IBM Launches Ambush of Sun Microsystems

Also, Food Network Debuts 'This is Your Fridge'

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It's guerrilla marketing. Or gorilla marketing. IBM ambushed a Sun Microsystems-sponsored trade show in NY last week with newspaper ads and wild postings from O&M/NY stealing the look, feel and even poster media play of Lowe's brash declarative Sun campaign. Sun ad chief Tracey Stout doesn't mind being mimicked by a giant that outspends her $80 million-$90 million budget 7-to-1. "They basically lifted our ad and put an IBM signature at the bottom," Stout says. She does complain IBM did a pale knockoff. "It's disappointing," she says, "that they have not been able to capture Sun's wit and sense of humor." IBM and agency put together the Sun blitz in 10 days, trying to show Big Blue can act quickly. IBM's Lotus did a similar guerrilla play last week, operating free shuttle buses between Boston hotels and a Microsoft conference. Visitors got a chance to win prizes if they agreed to wear a Lotus shirt into the conference. An IBM spokesman vows Big Blue will do more guerrilla tactics. "We will on occasion, when we think the opportunity is right, go with one of these hard-hitting, fast-moving, in-your-face efforts locally," he says. "We say we want to be more nimble. This is one way to do it."

No hyper-space for `Star Wars'

Twentieth Century Fox and Lucasfilm are entertaining a novel pre-release ad strategy for next year's eagerly anticipated "Star Wars: Episode One" -- almost no advertising at all. One of several plans being kicked around would rely on Frito-Lay, Pepsi-Cola Co. and Tricon Global for TV support and have Fox only producing a trailer, theater posters and print a few weeks prior to the Memorial Day weekend opening. Reason: a fear of hype-induced backlash (re: "Godzilla"), plus an already extraordinary level of pre-awareness. Fox insiders say it's very likely the studio will spend less to open the prequel than on an average release, which ranges between $20 million and $30 million.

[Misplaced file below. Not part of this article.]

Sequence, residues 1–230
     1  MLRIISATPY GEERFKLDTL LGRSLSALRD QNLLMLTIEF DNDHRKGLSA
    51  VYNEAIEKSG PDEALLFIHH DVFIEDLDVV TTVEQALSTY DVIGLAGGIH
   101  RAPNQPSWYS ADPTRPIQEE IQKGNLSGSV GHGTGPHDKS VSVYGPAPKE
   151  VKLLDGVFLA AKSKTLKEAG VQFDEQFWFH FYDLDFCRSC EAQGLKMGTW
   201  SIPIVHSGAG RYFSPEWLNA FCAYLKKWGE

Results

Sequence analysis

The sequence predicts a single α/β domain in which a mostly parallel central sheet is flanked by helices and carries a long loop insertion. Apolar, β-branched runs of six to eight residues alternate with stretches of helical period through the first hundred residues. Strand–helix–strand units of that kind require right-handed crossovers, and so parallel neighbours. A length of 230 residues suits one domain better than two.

Fun fare from Food Network

Our two favorite new shows for the fall season come to us courtesy of the Food Network. First is the new game show "Pressure Cooker," which promises "contestants matching food knowledge, taste buds and crazy culinary skills," according to the network's promo material. Then there's "This Is Your Fridge," featuring the yummy leftovers found in various celebrities' refrigerators. We've got dibs on Rosie.

Yes to Coens . . . no to ralphing

Joel & Ethan Coen ("Fargo," "The Big Lebowski") direct the new campaign for Honda's Odyssey minivan from Rubin Postaer/Santa Monica. It's a sequel for the brothers Coen, who directed an award-winning Honda campaign two years ago. . . . "Ralph wore them. (But he didn't ralph on them)," says a spoof of Levi Strauss ads, done by Anderson & Lembke/SF to promote cool but used clothes at Goodwill. . . . While housed at 735 Battery St., SF's Hal Riney saw one PC client, Momenta, implode and a second, Acer, walk out the door. Riney moved out. Saatchi moved in. So little surprise when HP's PC division last week left Saatchi and Battery St. -- for Riney.

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